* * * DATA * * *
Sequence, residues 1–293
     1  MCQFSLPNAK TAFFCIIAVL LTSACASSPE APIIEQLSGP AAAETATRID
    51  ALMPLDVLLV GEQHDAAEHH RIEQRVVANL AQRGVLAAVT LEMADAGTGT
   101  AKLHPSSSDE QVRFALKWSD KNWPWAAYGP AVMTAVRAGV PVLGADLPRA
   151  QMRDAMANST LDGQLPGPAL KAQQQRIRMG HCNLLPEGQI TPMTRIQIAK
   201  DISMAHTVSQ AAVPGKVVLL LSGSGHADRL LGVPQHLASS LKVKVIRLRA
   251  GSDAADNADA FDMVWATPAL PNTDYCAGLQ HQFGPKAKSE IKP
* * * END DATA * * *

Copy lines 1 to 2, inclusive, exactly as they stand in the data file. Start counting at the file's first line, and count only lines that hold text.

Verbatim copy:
Sequence, residues 1–293
     1  MCQFSLPNAK TAFFCIIAVL LTSACASSPE APIIEQLSGP AAAETATRID